The soil on Mars may be suitable for cultivating food crops – this is the prognosis of a study by plant ecologist Wieger Wamelink of Wageningen UR. This would prove highly practical if we ever decide to send people on a one-way trip to the red planet. After all, if we are going to live anywhere in outer space in the future Mars stands a good chance of being the place.
In a unique pilot experiment Wieger tested the growth of 14 plant varieties on artificial Mars soil over 50 days. NASA composed the soil based on the volcanic soil of Hawaii. To his surprise, the plants grew well; some even blossomed. “I had expected the germination process to work, but I thought the plants would die due to a lack of nutrients,” Wieger explains. The soil analysis showed, however, that Mars soil contains more nutrients than expected. In addition to phosphorus and iron oxides, the scientist found nitrogen, an essential plant nutrient.
NASA, the US space agency, is conducting the pioneering experiment together with Lima’s International Potato Center (CIP).
Peru is the country with the greatest diversity of potatoes in the world, with some 3,800 types, differing in size, shape, color, skin, pulp, texture and taste, all of which have their place in Peruvian cuisine
NASA has teamed up with the International Potato Center (CIP) in an effort to find out if the potato will be part of the Mars mission.
The collaboration will put 100 different varieties of potatoes through a series of tests to see if its resilience is enough to survive the harsh Martian conditions. This effort will also help find a plant that can feed those here on Earth affected by famine.
“How better to learn about climate change than by growing crops on a planet that died 2 billion years ago?” said Joel Ranck, CIP Head of Communications. “We need people to understand that if we can grow potatoes in extreme conditions like those on Mars, we can save lives on Earth.”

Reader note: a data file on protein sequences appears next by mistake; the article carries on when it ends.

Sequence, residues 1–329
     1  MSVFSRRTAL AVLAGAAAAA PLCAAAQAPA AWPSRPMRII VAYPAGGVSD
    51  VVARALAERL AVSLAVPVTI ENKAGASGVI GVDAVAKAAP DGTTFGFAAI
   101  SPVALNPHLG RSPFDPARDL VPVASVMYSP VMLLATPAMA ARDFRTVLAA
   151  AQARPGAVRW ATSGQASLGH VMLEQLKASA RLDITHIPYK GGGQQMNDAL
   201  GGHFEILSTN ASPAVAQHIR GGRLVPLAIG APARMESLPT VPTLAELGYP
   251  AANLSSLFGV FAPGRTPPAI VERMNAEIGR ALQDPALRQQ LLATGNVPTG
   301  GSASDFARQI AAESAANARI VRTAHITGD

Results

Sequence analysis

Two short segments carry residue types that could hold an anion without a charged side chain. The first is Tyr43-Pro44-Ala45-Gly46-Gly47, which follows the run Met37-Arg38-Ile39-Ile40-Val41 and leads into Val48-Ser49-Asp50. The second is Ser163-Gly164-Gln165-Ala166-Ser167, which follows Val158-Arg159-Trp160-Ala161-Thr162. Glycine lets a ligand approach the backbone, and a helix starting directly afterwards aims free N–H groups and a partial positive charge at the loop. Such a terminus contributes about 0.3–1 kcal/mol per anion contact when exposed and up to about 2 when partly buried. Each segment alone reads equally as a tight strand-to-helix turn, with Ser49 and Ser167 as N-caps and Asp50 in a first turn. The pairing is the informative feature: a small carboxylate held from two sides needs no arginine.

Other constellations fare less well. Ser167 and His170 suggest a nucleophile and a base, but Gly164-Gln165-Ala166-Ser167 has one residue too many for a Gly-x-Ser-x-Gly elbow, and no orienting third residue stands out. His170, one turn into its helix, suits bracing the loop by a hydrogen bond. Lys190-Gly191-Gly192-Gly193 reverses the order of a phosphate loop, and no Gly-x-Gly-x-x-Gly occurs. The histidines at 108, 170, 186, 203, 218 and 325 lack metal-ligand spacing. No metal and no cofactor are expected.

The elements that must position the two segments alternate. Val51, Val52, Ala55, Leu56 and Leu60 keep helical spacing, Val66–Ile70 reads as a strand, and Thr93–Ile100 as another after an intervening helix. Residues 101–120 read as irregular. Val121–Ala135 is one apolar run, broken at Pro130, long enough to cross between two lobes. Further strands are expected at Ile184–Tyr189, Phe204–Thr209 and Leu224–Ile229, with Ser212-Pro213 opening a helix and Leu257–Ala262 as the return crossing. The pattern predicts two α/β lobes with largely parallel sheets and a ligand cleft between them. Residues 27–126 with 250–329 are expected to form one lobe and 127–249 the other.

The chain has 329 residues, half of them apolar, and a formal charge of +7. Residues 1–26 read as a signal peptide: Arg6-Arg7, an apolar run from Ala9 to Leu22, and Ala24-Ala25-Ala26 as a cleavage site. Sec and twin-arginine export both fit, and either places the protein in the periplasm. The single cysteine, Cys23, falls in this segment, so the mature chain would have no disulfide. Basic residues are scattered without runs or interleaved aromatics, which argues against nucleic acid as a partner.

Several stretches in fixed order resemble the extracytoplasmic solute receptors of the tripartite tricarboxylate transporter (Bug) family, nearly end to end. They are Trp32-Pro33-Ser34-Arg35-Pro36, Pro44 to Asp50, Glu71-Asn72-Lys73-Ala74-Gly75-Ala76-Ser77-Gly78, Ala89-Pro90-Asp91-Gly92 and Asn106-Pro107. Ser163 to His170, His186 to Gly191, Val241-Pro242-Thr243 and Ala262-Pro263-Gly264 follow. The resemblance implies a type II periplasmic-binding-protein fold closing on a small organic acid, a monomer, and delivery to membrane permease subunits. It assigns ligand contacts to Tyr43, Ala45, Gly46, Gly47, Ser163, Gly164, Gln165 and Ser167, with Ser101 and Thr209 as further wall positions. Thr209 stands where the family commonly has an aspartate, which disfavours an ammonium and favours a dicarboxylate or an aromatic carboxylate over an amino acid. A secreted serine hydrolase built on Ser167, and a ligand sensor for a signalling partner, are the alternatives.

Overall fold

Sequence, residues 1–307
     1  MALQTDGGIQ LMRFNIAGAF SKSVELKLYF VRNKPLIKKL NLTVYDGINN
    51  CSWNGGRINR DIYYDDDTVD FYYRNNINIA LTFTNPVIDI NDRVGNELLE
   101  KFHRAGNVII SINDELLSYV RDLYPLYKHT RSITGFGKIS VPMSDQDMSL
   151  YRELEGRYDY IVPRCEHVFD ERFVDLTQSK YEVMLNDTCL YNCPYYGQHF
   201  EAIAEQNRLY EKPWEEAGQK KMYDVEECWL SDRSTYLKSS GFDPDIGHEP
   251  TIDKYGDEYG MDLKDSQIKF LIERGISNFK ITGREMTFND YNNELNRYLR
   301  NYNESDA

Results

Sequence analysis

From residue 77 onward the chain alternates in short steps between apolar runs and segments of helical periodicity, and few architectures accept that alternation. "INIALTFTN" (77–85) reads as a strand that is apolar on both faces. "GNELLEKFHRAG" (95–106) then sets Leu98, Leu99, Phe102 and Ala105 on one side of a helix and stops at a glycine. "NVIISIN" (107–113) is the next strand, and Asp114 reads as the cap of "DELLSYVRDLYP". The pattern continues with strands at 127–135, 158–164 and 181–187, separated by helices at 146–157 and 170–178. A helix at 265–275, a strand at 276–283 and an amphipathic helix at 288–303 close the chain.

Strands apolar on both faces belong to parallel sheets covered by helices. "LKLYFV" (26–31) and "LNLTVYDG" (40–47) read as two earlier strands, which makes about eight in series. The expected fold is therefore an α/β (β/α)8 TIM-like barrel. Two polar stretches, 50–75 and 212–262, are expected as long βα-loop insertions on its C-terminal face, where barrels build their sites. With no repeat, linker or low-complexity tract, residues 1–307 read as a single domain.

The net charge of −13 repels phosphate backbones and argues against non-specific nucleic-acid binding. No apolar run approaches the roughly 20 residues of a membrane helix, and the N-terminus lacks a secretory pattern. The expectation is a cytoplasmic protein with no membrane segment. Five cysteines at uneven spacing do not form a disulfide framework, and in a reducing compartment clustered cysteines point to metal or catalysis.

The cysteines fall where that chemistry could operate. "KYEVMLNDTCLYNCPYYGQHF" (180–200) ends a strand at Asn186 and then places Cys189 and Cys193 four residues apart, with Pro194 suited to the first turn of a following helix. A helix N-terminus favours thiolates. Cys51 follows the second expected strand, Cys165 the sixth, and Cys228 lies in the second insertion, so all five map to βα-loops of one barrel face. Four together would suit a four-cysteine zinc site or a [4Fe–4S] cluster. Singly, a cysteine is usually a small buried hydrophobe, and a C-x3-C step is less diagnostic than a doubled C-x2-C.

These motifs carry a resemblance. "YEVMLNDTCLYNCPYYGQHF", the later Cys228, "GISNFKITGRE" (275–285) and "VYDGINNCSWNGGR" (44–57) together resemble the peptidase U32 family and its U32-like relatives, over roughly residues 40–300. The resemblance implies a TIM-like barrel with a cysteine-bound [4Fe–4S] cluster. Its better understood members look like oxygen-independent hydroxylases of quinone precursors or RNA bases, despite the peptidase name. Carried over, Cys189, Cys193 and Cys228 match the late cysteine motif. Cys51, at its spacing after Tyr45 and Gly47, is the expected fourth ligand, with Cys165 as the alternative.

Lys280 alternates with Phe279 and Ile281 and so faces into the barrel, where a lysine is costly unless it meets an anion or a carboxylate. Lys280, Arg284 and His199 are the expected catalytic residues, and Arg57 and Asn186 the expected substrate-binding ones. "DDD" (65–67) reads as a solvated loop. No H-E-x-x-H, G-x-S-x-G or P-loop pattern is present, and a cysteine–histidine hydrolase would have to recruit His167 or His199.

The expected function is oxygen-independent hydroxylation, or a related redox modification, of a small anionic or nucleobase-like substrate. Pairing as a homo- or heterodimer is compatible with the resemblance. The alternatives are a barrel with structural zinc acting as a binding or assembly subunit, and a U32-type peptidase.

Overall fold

They will cultivate a hundred selected varieties already subjected to rigorous evaluation in extreme, Mars-like conditions that could eventually pave the way to building a dome on the Red Planet for farming the vegetable.
The selection was made from a total of 4,500 varieties registered at CIP, a nonprofit research facility that aims to reduce poverty and achieve food security.
Of the selected candidates, 40 are native to the Andes Mountains, conditioned to grow in different ecological zones, withstand sudden climate changes and reproduce in rocky, arid terrain.
The other 60 are genetically modified varieties able to survive with little water and salt. They are also immune to viruses.
Those that pass the tests must meet a final criterion—they must be able not only to grow well on Mars but also reproduce in large quantities.
Researchers will replicate Martian conditions by using soil from the Pampas de La Joya Desert in Peru and altering the atmospheric conditions in a lab.
“We’re almost 100 percent certain that many of the selected potatoes will pass the tests,” Julio Valdivia-Silva, a Peruvian NASA astrobiologist, said in a press release.
The potatoes will have to survive more than the Mars conditions, though. The study will also look at how certain potato plants handle the freezing, which will take place during a Mars trip to prevent germination. The plants will then be thawed to see if the potatoes can survive to be planted on the foreign planet. The final test will be sending the potatoes into space via a CubeSat to see if they can grow in a low-gravity environment.
They’re confident the potatoes will be able to survive.
According to the scientists, the research has a lot of potential and will provide a wealth of knowledge which may also be applicable here on earth. Research into the cultivation of plants in difficult conditions is not only relevant to future inhabitants of Mars, but also to those who wish to remain on the blue planet. Wieger: ‘Mars soil consists of volcanic rock. If we learn to bring it into cultivation, we can use the knowledge to cultivate crops on difficult soils here on earth.” Insights into a more effective recycling of water, gas and nutrients and the closing of cycles are also possible. The development of high-tech automated and optimized cultivation systems, sensors that continuously monitor the needs of plants, and plant cultivation in low light conditions are also an important spin-off of the project.